What Role Does Color Play in Image Processing?
This is why many image processing applications in which the human eye will make the final interpretation are designed to optimize color reproduction specifically for humans.
What is color?
Electromagnetic waves with wavelengths between 380 nm and 780 nm are responsible for the creation of color impressions in humans. Although waves beyond this range are invisible to the human eye, they can be detected by special technical devices. Our eyes perceive the range that is visible to us with receptors that have three different color sensitivities. Our brain processes their signals into a color impression.
Monochrome images are often enough
Creating color information with a color camera is far from trivial: In its simplest form, a regular color camera requires the information from 2x2 pixels to calculate the color value of a pixel from a so-called Bayer pattern – the so-called 2x2 debayering. Since this is an interpolation, the results for a 2x2 matrix are relatively poor. A 3x3 or higher matrix is used more often. A monochrome camera gets its information about each pixel in a much more linear fashion, namely 1:1 from its pixel array.
But the human eye is designed as a universal tool. We don’t always need our ability to see colors; often the information provided by only the brightness values of the perceived objects is enough. It’s very similar with image processing.
In many cases the effort of a color depiction with a color camera is unnecessary and the technical difficulties associated with it can be avoided after a careful analysis of the application requirements.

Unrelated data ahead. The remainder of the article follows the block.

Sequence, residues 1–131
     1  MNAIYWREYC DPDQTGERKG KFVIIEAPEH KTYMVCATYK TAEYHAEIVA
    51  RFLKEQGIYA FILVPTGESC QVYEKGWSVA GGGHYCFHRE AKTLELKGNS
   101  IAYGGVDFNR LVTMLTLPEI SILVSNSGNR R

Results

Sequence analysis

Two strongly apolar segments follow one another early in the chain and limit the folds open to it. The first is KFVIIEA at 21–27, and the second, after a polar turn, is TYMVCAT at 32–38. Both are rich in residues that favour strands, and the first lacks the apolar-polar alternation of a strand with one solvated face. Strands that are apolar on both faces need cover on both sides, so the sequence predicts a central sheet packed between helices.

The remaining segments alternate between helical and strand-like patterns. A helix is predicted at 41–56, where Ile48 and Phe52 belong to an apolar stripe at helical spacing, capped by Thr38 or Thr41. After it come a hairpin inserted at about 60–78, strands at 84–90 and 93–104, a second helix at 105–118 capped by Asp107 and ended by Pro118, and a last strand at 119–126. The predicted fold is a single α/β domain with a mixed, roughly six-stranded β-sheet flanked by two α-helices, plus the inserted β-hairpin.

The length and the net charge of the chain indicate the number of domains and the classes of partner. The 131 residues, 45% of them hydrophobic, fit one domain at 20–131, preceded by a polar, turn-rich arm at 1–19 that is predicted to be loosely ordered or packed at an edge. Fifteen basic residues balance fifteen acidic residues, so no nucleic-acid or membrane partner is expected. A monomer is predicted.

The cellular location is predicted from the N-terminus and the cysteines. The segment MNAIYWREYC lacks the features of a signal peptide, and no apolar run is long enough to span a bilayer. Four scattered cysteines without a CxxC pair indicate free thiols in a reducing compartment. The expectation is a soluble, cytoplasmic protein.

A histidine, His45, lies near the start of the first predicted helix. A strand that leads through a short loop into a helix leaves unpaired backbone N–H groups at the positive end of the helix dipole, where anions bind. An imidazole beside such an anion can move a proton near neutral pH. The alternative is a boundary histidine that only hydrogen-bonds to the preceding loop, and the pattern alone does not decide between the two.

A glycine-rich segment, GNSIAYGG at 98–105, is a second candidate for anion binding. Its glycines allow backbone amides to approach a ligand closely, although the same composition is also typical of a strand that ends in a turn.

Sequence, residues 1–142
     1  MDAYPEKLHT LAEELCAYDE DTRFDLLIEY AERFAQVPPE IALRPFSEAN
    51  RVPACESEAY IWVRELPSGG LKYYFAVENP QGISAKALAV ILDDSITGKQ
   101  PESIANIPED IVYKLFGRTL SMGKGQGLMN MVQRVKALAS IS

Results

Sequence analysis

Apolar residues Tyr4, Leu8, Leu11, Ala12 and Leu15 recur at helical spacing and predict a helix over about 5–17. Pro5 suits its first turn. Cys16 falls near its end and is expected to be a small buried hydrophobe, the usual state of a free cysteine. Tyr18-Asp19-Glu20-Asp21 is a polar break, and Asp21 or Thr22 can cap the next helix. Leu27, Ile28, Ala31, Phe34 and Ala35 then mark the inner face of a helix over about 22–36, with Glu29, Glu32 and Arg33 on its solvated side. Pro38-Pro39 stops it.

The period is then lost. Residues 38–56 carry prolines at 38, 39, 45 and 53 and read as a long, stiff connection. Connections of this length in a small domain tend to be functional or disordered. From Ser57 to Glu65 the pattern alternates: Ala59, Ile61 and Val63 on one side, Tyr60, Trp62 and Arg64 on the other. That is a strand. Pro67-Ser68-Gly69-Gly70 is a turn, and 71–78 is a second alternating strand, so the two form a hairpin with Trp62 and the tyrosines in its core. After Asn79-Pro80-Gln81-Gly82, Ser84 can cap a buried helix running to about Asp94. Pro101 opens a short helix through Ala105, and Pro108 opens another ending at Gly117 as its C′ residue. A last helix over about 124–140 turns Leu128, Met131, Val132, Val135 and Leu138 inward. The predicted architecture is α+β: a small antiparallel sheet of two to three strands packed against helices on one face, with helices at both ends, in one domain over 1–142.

Many applications can dispense entirely with color information in the image processing chain. In others, a type of selective color information can be created with colored lighting or color filtering and a monochrome camera; for example, green areas on red objects appear black when the light used was red.
The topic of color is increasingly important
Nonetheless, there is a growing demand for color cameras. This strong interest can be explained by new applications in which images are no longer used solely for computer-based analysis, but rather where the images must also be at a quality acceptable to the human eye. Furthermore, the additional color information in an image opens up more and more extensive and versatile possibilities for image processing and analysis.
Application areas for color cameras
The area of print inspection is an example of industrial color image processing. Thanks to high tech, print inspection is now an automated process. Ingenious, camera-based inspection systems inspect e.g. labels and packaging. Controlling the color rendering is a particularly important task – for example when inspecting food packaging on which the foods must appear “crispy” and “fresh” to consumers, to increase the buying incentive.
Inspection systems to check colors rely on an optimized, standardized depiction of colors as this is the only way to ensure that various devices and systems produce identical results when presented with the same color data. The “customer” and measure of all things is the human: in the printing industry, for example, a human eye performs the final printed image control on the monitor. Our vision organ is so sensitive towards the slightest deviations that the monitor’s color rendering must be as realistic as possible to avoid mistakes.
This is just one of many possible applications where high color precision is a key factor.
Color is an important information medium and can be used in numerous applications to handle inspection tasks during image processing. But the human brain has enormous abilities to process color images, which often means that we underestimate how difficult it is to perform correct image processing of color images. Fortunately, many applications only require a monochrome camera. For the other cases that actually require a color camera, there are useful functions in many color cameras that help handle and process color images without creating higher loads on the processor.